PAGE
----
Linguistics is one of the languages that can be theoretical plus applied and it is the technical or scientific learning of language. Somebody who connects in this learning is identifying by linguist.
Two Branches of Linguistics and they are following below:
There are, of course, some obvious moves such as ensuring access to appropriate factual texts and working with children on these as a part of close classroom study and also as a part of `wider reading’ programs. But we shall propose here that a fairly modest level of teacher expertise in functional grammar can greatly enhance such practical interventions. Theoretical knowledge of just what are the grammatical features that characterize the specialized language of curriculum areas makes it practically possible for teachers to effectively integrate the teaching and learning of these grammatical features and curriculum area concepts.
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We will look at just two aspects of the grammar of written language in curriculum areas, emphasizing how they are different from the language of everyday talk. The first of these is the greater density of information in the written texts of information books. This density is achieved partly through the use of longer and more complex noun groups in the written medium. The second aspect is the greater abstraction of written language. This is partly due to the greater use of nouns to express actions and events, whereas in everyday talk they are typically expressed by verbs.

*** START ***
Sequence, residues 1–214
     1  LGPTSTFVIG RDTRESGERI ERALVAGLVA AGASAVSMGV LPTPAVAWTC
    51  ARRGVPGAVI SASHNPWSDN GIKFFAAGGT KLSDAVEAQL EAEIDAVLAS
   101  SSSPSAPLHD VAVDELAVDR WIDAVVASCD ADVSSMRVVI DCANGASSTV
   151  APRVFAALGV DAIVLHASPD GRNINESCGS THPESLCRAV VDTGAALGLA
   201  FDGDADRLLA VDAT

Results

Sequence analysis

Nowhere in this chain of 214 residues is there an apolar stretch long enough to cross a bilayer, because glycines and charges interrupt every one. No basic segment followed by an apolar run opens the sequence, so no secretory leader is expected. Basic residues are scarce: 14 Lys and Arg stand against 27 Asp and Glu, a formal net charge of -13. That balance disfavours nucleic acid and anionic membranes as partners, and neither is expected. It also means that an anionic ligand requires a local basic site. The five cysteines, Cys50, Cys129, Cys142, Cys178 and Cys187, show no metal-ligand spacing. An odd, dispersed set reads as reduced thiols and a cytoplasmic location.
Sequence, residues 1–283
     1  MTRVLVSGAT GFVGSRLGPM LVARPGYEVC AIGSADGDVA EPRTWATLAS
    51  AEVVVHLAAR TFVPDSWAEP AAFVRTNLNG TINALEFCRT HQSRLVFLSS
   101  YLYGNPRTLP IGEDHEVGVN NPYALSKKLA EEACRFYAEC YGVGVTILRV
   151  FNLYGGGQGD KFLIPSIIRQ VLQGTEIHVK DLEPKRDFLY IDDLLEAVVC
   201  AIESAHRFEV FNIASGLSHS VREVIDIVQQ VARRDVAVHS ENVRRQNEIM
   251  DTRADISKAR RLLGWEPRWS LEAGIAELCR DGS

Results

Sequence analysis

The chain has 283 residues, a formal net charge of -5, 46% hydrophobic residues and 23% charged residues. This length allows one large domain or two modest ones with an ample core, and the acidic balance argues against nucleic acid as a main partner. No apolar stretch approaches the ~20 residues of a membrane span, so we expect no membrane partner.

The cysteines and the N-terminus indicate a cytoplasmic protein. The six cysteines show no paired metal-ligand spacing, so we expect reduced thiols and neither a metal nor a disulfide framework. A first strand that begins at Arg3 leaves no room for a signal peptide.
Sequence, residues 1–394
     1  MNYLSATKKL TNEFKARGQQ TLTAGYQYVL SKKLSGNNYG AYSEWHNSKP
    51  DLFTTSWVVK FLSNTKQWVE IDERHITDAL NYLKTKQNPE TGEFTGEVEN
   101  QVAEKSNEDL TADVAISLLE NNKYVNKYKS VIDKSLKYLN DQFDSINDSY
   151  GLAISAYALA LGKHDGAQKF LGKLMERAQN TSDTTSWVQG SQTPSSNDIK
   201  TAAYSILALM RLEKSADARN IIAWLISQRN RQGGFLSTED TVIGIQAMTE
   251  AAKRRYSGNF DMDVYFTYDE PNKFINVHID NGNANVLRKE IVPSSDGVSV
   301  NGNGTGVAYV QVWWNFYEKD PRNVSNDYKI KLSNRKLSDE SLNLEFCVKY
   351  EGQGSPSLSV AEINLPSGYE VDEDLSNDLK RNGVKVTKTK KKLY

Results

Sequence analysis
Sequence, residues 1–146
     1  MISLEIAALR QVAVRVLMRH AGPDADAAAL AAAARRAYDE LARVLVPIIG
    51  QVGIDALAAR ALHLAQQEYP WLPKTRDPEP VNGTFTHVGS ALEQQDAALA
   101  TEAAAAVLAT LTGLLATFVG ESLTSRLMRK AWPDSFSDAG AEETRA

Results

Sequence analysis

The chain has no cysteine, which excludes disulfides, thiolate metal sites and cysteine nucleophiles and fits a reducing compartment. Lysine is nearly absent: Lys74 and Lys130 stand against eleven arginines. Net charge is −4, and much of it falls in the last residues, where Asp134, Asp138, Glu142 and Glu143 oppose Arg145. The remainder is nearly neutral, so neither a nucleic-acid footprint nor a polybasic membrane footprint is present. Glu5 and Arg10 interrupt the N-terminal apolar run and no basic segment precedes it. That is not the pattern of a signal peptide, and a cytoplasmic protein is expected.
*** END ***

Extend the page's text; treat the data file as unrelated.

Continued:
Traditional school grammar would refer to ‘small’, `sleepy’ and `dingo’ all as adjectives qualifying the noun `pups’. Note, however, that you can intensify the first two, i.e. `very small’, ‘really small’ and they could be ‘really cuddly’, but you can’t intensify `dingo’, i.e. you can’t say `very dingo’ or `really dingo’ or ‘extremely dingo’. So these elements of the nominal group have different functions. The first two describe, and are called Epithets (or Describers) in functional grammar. The role of `dingo’ is to put the pups into a category or to classify — they are not `kelpie’ or ‘seal’ pups, for example — so in functional grammar this role is called Classifier.
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